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PCGS Set Registry: Irish Gunmoney

By Sanjay Gandhi - April 5, 2023

PCGS MS63 1690 May ½ Crown Irish Gunmoney. Courtesy of PCGS TrueView. Click image to enlarge.

When Queen Elizabeth II died at the age of 96 on September 8, 2022, she had served as Great Britain’s longest-reigning monarch for a little over 70 years. There have been 62 monarchs over a period of 1,200 years in England’s history and the inaugural coronation ceremony was held at Westminster Abbey in 1066. William The Conqueror was the first monarch to be crowned, and the formalities remain almost unchanged to this day. Fast forward 619 years, when James II was crowned in Westminster Abbey on April 23, 1685. A practicing Catholic, he and his faith were on a collision course with the English Parliament.

His daughter Mary Tudor, a Protestant, was next in line for the throne, and therefore James II was at least tolerated by the English. However, when James II had a newborn son, who was Catholic, the successor to the throne changed to the junior offspring. Politicians had tolerated enough and welcomed William of Orange to "invade" England. When William arrived in England on November 15, 1688, King James’s officers joined William, and James dared not to engage his weakened army into battle. Louis XIV had offered military assistance to James, but he declined.

Mary, who was James’s daughter and married to William, was the heiress to the throne. James fled England and went into exile to France December 23, 1688. On February 12, 1689, England declared that James II self-abdicated the throne, offering the monarchy to William and Mary, who became king and queen, respectively. In March 1689, James II landed in Ireland and Parliament declared him the king of Ireland. Gunmoney coinage was introduced to Ireland in 1689 by James II, who was the former king of England. In an attempt to regain the English throne, the king had to pay his newly formed army to support his strategic endeavors. James II introduced token coinage consisting of base metals obtained from scrap items, such as old church bells, fencing, broken cannons, and guns.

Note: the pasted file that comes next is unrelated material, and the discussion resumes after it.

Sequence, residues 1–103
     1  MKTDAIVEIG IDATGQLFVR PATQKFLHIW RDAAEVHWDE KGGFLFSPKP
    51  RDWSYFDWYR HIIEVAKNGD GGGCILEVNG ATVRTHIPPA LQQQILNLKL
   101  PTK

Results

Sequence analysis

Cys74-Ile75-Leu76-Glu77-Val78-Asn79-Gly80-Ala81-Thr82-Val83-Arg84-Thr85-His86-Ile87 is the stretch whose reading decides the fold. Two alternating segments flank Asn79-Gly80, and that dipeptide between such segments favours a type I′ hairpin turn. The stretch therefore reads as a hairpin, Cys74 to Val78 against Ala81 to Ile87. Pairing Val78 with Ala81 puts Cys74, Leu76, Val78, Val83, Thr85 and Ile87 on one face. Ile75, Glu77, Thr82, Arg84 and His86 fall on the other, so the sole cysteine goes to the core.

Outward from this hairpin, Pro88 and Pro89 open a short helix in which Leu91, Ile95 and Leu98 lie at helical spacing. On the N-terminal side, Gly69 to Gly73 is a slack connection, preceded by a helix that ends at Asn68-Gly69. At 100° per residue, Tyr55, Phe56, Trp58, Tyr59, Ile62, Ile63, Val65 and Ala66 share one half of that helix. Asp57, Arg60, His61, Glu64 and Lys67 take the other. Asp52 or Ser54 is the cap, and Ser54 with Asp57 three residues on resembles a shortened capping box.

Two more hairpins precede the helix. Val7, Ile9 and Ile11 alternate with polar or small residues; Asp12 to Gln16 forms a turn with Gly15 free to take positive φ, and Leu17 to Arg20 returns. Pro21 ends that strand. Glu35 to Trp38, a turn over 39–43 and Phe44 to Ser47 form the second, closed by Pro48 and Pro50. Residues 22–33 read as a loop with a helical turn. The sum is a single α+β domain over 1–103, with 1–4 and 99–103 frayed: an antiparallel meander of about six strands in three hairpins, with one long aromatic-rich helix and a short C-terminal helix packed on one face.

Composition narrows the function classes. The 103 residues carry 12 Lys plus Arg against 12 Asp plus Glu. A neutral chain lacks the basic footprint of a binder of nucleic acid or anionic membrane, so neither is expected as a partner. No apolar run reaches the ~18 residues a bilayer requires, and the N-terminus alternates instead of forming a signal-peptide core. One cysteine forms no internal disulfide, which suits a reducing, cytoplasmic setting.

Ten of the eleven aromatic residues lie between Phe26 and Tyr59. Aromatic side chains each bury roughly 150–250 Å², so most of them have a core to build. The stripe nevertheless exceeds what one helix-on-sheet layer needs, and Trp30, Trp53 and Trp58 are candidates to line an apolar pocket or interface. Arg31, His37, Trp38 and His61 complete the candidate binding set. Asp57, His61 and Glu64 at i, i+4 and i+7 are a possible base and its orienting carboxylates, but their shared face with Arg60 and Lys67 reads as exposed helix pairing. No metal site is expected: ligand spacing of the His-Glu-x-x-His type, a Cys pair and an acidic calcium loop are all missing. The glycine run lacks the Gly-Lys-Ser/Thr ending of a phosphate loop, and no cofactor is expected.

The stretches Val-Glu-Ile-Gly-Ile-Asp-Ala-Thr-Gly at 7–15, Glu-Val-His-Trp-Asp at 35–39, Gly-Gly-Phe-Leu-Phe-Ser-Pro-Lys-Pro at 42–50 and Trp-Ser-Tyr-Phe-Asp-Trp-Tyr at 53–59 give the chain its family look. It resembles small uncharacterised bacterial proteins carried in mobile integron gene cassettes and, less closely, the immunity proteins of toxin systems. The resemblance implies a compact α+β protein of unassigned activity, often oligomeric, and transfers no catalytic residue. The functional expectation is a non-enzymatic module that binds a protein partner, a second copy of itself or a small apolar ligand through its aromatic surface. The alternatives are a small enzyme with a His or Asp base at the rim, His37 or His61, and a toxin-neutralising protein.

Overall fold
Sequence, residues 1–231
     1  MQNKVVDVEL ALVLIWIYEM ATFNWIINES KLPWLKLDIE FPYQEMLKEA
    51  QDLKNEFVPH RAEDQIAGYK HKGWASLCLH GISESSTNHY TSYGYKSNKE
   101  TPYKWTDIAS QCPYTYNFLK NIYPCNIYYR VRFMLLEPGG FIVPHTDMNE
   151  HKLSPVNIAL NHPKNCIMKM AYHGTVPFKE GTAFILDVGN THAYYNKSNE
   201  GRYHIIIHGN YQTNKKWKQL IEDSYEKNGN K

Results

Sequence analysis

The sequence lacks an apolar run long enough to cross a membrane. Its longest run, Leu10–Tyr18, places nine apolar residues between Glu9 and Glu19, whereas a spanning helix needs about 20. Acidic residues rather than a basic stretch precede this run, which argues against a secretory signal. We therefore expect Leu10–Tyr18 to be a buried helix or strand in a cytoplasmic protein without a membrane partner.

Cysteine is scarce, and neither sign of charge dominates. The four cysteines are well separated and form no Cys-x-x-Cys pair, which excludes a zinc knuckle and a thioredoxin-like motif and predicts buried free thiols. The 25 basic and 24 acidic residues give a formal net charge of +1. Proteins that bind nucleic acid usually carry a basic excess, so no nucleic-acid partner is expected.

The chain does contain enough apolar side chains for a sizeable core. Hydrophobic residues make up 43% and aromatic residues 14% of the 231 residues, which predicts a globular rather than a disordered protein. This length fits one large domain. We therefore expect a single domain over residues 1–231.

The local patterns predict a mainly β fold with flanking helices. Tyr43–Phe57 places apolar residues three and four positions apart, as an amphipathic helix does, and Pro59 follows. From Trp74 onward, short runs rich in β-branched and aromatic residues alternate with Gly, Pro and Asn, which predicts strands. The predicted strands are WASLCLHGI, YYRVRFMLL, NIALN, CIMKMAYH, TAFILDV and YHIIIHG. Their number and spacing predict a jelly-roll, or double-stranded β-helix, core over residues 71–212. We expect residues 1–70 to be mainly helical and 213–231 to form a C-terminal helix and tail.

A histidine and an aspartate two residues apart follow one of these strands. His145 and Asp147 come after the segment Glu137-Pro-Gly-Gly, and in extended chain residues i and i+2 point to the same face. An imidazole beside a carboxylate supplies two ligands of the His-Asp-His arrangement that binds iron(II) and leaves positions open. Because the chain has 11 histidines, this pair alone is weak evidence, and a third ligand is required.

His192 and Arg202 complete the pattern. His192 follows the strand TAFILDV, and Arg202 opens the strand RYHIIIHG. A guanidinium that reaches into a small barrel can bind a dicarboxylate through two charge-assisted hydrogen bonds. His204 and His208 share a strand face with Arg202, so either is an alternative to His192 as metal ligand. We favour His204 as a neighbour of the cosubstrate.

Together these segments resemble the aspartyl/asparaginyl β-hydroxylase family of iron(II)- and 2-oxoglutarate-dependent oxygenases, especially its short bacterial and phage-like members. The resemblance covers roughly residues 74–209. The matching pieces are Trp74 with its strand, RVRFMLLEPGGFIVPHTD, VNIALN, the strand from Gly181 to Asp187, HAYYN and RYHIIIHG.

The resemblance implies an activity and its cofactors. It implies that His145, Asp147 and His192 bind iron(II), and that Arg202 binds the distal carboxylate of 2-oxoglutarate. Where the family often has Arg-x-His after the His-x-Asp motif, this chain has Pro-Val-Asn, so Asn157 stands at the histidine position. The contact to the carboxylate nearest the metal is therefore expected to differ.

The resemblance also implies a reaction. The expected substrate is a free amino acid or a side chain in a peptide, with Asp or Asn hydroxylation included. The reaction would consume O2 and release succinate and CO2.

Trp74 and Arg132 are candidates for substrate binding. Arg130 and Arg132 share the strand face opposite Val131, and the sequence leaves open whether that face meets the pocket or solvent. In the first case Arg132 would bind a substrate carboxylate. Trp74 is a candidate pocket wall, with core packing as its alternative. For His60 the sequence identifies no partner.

PCGS AU50 1690 Crown Irish Gunmoney. Courtesy of PCGS TrueView. Click image to enlarge.

Though many different objects were used to mint this type of coinage, the name “Gun Money” or “Gunmoney” was derived from guns – among the many objects used for making the coinage. This early use of clad coinage is similar to the clad coinage that circulates today. However, the refining techniques used varied in consistency, and coinage could be struck with many metals mixed together. Some consisted of bronze, copper, pewter, bismuth, and mixtures unknown. Coinage that survives today could appear green, brown, yellow, slate gray, and a hodgepodge of colors blended together. Silver and gold coins were struck as specimens and are considered extremely rare.

The standard calendar used in most parts of the world today consists of a 12-month year and is known as the Gregorian calendar. Dating for Gunmoney was based on the Roman calendar. In 753 BC, Romulus became the first king of Rome and is credited with the invention of the Roman calendar. The New Year started with the month of March and ended in December, and one year consisted of 10 months. January and February were not in this dating system as they are in the present-day calendar. Denominations included in the series were the sixpence, shilling, halfcrown, and crown.

An interesting factoid about Gunmoney is that not only was it dated with the year, but each coin also displays the correlating month when it was minted, with the exception of the 1690 Crown. If James II regained the throne of England, he promised to redeem Gunmoney in the form of silver. James II most likely wanted these redemptions to occur in an orderly fashion, thwarting any attempts for a “run” on the bank that would usurp silver supplies quickly. Hence, redemptions would have started with coins dated 1689 March and ended with those bearing dates from summer of 1690.

PCGS UNC Details 1689 August Shilling Irish Gunmoney. Courtesy of PCGS TrueView. Click image to enlarge.

Unfortunately, James II was not successful in his campaign to regain the throne, Gunmoney became worthless, and patrons were unable to redeem their token for the promised silver. However, these coins provide us with collectibility, and unique numismatic history for collectors to study and potentially discuss. Hoards of Irish Gunmoney are still being unearthed today in Ireland, and strict laws apply to each new discovery.

Building a complete date set will certainly challenge our members, but we offer an Irish Gunmoney Type Set, Circulation Strikes (1689-1690) for the beginner that seeks to start a collection of these interesting pieces. Advanced collectors seeking more challenging sets to build can choose from the Irish Gunmoney Sixpence and Shilling Set, Circulation Strikes (1689-1690) and the Irish Gunmoney 1/2 Crown and Crown Set, Circulation Strikes (1689-1690). The PCGS Set Registry continues its steady growth with over 158,000+ sets built by our members. We thank you for your ongoing support – our success is because of you, our members. Best of luck in building your sets in 2023. Happy Collecting!

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